Days and Lives :: Suffering

Prisoner: Joseph Scholmer

“In the three months between my arrival at Vorkuta and the beginning of November I lost more than two stone in weight. Each time we went for a bath, which was every ten days, I could see the signs of malnutrition developing rapidly. My ribs began to stick out, my legs grew thin, my arm and shoulder muscles disappeared. Severe malnutrition was staring me in the face. As a result of continually lifting heavy weights I had developed a double rupture. This seemed to offer a possible respite. I went to the surgeon during his consultation hour and asked him to operate. ‘I can’t,’ he answered. ‘Ruptures can’t be operated on during the winter. One prisoner in every three or four has a rupture. They’re very common in the camp due to the combination of hard work and undernourishment. But everyone waits till the winter for the operation. An operation means four weeks’ rest in hospital. Now do you understand?’”

By a Stove

Cold

Gulag prisoners worked in some of the harshest inhabited climatic environments on the planet, whether north of the Arctic Circle or deep in the taiga and steppe of Siberia and Central Asia. Prisoners were frequently forced to work outside in temperatures of -30 to -40 degrees Celsius (-22 to -40 degrees Fahrenheit) with extreme winds.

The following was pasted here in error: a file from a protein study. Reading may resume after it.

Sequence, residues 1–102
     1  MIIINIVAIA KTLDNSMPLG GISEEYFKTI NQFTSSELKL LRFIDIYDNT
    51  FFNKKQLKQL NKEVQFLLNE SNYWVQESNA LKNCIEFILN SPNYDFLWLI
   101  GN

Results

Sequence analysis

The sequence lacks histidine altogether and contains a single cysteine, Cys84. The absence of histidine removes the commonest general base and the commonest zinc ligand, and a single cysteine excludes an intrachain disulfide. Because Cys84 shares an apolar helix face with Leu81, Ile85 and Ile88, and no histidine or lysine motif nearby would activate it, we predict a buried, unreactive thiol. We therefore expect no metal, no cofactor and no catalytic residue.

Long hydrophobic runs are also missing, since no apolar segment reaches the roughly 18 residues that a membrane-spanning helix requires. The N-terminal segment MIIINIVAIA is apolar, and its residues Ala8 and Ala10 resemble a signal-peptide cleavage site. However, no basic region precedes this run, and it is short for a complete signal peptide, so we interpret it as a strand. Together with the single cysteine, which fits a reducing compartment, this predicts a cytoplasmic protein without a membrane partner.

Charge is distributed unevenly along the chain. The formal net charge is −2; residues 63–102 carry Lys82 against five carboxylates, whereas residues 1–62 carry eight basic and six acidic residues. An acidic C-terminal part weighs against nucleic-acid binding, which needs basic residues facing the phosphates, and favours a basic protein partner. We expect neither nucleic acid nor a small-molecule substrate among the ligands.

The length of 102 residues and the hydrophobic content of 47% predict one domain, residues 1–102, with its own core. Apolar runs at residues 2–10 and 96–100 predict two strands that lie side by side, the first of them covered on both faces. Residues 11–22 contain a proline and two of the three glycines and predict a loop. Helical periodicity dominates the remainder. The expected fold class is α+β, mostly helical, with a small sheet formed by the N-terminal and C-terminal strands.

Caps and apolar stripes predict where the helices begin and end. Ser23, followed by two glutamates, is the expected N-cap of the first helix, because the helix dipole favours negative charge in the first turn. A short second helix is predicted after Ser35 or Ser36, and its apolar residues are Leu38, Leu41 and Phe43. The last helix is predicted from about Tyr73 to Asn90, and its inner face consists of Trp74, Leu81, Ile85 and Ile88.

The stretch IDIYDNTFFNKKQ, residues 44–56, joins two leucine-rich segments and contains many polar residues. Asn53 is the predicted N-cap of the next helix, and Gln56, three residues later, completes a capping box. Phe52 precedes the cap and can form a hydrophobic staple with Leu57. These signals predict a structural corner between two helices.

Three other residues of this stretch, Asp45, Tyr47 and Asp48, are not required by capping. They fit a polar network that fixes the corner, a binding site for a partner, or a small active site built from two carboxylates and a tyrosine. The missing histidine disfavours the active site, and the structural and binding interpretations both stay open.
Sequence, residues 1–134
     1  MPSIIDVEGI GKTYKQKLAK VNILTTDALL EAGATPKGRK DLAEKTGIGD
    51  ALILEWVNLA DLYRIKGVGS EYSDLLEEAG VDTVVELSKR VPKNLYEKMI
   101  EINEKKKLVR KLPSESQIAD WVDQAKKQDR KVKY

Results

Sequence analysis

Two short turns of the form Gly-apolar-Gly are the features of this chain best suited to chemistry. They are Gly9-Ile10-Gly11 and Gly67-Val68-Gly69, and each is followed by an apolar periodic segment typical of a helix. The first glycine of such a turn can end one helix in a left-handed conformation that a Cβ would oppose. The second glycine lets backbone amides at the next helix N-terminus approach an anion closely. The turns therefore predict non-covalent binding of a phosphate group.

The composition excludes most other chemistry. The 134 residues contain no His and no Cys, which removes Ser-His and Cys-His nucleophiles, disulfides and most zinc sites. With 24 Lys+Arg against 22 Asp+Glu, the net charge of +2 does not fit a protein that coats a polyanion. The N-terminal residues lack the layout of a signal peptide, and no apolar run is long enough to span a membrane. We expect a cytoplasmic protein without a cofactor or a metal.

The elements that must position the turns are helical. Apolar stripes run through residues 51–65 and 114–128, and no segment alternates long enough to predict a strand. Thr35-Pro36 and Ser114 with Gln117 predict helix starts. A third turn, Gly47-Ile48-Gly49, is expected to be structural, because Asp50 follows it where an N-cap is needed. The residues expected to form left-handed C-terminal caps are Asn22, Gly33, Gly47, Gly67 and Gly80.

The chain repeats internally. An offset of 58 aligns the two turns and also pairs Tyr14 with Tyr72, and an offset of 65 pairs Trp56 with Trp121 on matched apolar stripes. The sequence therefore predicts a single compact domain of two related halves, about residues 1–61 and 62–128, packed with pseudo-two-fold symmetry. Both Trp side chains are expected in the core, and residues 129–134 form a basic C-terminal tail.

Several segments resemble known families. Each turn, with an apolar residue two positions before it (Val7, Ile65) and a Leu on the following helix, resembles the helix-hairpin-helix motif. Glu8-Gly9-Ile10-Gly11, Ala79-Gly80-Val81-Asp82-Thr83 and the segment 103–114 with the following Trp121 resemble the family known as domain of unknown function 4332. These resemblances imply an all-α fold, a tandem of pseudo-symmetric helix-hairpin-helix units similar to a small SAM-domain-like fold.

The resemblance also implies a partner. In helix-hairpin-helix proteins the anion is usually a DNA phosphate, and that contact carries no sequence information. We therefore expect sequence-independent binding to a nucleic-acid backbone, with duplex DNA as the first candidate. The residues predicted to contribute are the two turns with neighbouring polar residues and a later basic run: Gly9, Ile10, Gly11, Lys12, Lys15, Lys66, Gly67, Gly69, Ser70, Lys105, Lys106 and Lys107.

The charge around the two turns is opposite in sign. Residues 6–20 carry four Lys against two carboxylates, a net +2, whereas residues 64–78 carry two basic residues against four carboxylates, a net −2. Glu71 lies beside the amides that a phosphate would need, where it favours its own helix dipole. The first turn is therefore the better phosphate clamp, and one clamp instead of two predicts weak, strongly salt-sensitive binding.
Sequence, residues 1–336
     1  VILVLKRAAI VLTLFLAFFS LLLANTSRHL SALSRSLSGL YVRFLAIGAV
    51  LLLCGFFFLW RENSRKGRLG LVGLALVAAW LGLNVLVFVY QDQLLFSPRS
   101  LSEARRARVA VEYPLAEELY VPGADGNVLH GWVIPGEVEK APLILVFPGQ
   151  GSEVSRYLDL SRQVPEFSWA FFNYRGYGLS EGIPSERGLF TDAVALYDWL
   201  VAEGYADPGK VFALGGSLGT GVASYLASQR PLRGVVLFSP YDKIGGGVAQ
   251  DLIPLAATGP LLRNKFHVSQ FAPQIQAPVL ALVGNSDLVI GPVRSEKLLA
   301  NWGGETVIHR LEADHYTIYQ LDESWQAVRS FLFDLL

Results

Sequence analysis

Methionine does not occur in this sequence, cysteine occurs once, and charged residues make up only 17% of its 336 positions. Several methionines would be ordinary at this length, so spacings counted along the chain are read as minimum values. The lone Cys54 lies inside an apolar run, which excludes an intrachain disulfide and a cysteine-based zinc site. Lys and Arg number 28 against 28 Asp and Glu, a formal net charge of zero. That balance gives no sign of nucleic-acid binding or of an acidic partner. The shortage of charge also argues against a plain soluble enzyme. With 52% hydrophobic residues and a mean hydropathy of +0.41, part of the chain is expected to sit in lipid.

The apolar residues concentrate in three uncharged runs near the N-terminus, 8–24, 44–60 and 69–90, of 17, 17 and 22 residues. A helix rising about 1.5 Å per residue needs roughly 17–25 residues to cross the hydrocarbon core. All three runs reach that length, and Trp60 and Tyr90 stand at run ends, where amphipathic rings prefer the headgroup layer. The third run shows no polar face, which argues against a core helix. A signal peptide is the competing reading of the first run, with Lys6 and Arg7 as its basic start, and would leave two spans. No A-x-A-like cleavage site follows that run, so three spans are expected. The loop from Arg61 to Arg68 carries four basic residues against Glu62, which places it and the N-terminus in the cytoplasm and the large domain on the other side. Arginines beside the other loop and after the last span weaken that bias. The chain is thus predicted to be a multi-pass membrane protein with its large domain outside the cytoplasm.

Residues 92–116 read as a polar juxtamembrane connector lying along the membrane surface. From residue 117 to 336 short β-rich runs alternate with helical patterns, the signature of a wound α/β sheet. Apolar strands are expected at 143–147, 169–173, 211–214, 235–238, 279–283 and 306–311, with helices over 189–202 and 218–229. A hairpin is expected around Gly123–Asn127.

In this excerpt from the documentary film Red Flag, former Gulag inmate Mikhail Mindlin recalls the cold and hunger of his imprisonment.

Movie Transcription

Mikhail Mindlin "First I worked on the BAM railway, then in Kolyma. The important thing was not to die of hunger. They gave you balanda, a soup with just a few fishbones and some oats floating around. We drank from metal bowls. They gave us a ladle of balanda and a lump of bread. We could hardly work for the cold. If we didn’t move or work, we would have frozen. When someone wanted to relieve themselves, they had to take their mittens off. By the time they undid their trousers, their hands were frozen. As soon as they pulled it out, it froze. Many people had their parts amputated." "There were no injections or anything to reduce pain. They didn’t even have proper scalpels. When I was in the camp, they asked me to hold out my frostbitten foot. And with pliers, they just took chunks out. That was the treatment—the operation. It was considered that if you survived the first winter, you’d get through your sentence. Most people didn’t survive."